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Financial Institution Module Handbook Presented to BBA-8 Presented by Muhammad Bilal (FA10-BBA-149) Khizar Nawaz (FA10-BBA--___) Submitted to Sir wajid Shakeel Dated: 04-03-2014

CHAPTER # 1 (WHY STUDY FINANCIAL MARKETS AND INSTITUTIONS)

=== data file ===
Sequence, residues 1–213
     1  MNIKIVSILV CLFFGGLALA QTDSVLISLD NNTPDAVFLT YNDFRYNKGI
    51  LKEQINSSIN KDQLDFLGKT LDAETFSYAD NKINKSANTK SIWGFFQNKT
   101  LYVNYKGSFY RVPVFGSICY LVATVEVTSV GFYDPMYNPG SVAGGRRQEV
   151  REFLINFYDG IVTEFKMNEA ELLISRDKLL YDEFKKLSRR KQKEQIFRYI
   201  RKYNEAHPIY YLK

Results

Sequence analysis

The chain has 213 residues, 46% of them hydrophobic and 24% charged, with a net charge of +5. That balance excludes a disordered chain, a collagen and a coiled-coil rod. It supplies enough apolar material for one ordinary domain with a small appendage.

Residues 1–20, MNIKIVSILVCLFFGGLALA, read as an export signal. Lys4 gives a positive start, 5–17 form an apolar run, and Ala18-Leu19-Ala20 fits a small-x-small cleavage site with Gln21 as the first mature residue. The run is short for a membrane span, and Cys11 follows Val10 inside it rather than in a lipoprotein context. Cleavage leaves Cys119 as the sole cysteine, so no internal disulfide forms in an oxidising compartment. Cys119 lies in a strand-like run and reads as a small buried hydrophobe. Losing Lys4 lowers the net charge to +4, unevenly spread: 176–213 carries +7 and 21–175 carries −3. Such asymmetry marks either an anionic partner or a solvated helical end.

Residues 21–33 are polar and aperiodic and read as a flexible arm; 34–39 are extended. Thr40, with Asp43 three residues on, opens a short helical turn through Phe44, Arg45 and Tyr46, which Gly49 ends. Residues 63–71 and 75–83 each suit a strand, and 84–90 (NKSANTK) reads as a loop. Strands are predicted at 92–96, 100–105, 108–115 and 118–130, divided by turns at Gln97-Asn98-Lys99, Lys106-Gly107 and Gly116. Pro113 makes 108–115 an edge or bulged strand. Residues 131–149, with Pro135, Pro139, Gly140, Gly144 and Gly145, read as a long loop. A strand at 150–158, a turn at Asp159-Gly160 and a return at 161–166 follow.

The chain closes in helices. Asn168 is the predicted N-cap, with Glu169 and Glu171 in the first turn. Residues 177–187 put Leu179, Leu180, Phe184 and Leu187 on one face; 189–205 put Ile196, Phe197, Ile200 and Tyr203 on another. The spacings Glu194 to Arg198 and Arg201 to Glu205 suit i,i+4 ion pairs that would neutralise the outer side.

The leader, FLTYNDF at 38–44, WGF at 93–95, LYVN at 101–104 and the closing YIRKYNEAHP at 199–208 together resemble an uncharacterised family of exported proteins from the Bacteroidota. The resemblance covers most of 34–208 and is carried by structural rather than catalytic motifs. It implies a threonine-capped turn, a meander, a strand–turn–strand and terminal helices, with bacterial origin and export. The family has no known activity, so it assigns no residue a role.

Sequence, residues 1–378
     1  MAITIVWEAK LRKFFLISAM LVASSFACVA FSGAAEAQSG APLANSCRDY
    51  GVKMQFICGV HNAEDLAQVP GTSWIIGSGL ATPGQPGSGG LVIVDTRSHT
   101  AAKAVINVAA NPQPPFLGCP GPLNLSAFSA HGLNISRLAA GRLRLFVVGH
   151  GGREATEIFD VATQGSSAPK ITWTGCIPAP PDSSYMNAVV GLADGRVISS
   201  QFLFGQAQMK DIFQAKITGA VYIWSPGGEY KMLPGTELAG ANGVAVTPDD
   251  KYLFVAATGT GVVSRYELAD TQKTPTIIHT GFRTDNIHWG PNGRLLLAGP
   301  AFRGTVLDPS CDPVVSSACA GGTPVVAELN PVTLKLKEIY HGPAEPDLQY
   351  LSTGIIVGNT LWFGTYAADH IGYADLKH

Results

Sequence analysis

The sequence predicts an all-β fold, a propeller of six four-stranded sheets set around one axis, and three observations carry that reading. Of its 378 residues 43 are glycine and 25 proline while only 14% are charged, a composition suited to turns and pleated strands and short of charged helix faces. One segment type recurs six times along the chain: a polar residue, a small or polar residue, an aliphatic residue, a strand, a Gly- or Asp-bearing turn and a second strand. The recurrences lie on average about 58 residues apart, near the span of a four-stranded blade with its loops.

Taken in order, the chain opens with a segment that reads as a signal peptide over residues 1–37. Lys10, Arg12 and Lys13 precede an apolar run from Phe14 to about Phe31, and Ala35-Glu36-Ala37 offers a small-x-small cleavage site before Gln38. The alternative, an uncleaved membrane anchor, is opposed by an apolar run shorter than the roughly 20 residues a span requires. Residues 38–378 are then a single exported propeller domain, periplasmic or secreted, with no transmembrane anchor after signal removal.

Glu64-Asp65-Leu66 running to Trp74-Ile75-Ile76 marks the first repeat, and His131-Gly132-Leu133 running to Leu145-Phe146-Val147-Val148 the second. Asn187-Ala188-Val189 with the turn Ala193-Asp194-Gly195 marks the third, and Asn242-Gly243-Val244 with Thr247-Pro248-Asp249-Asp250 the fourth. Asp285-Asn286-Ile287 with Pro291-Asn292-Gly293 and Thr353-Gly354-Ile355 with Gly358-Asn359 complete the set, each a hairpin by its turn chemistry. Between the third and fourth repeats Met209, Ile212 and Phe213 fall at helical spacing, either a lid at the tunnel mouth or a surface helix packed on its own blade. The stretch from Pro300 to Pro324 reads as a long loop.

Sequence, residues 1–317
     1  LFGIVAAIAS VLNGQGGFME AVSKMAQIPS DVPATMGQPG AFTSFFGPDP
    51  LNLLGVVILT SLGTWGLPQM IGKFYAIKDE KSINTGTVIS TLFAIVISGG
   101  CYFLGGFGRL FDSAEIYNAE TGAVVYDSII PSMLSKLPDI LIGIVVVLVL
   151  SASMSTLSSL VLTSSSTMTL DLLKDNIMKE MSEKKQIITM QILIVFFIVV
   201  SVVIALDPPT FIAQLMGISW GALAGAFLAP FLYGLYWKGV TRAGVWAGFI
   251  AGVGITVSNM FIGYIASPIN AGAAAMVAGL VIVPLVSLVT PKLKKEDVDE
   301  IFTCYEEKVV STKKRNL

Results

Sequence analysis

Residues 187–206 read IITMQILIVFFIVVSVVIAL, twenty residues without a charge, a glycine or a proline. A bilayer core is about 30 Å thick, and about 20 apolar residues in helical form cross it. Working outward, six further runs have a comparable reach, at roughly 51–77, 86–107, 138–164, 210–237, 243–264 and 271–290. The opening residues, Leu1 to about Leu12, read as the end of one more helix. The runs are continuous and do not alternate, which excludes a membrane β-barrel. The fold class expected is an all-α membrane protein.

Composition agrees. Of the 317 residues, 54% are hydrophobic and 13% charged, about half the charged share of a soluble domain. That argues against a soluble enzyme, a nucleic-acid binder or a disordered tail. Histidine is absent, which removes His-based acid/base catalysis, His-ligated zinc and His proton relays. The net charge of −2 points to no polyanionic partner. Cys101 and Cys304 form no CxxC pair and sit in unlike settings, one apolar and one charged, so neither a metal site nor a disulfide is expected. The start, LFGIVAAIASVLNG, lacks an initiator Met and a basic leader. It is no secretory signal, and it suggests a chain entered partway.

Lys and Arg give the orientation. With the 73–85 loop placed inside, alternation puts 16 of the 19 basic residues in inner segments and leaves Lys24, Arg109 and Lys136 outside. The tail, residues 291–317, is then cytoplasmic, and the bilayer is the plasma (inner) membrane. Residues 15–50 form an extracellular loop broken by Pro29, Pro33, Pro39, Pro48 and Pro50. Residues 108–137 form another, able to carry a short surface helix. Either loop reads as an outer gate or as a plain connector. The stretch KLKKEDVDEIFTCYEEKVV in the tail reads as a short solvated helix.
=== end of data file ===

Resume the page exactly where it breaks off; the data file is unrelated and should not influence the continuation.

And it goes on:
Financial markets: Any marketplace where buyers and sellers participate in the trade of assets such as equities, bonds, currencies and derivatives. Financial markets are typically defined by having transparent pricing, basic regulations on trading, costs and fees and market forces determining the prices of securities that trade. Some financial markets only allow participants that meet certain criteria, which can be based on factors like the amount of money held, the investor's geographical location, knowledge of the markets or the profession of the participant. Debt and interest rate: A security (also referred to as a monetary instrument) may be a claim on the issuer’s future income or assets (any monetary claim or piece of property that's subject to ownership). A bond may be a debt security that guarantees to form payments sporadically for a nominal amount of your time.1 Debt markets, additionally typically brought up generically because the bond market, square erasure particularly necessary to economic activity as a result of the permit companies and governments to borrow so as to finance their activities; the bond market is additionally wherever interest rates square measure determined. Associate degree charge per unit is that the price of borrowing or the value procured the rental of funds (usually expressed as a proportion of the rental of $100 per year). There square measure several interest rates within the economy—mortgage interest rates, automobile loan rates, and interest rates on many alternative types of bonds. Interest rates square measure necessary on variety of levels. On a private level, high interest rates might deter you from shopping for a house or automobile as a result of the price of finance it would be high. Conversely, high interest rates might encourage you to avoid wasting because you'll earn a lot of interest financial gain by putt aside a number of your earnings as savings. On a lot of general level, interest rates have a sway on the general health of the economy as a result of they have an effect on not solely consumers’ disposition to pay or save however additionally businesses’ investment choices. High interest rates, for instance, might cause a company to put over building a replacement plant that may offer a lot of jobs. Stock market: A common stock (typically simply referred to as a stock) represents a share of possession in a corporation. It’s a security that's a claim on the earnings and assets of the corporation. Issuing stock and merchandising it to the general public may be a manner for companies to boost funds to finance their activities. The securities market, during which claims on the earnings of companies (shares of stock) area unit listed, is that the most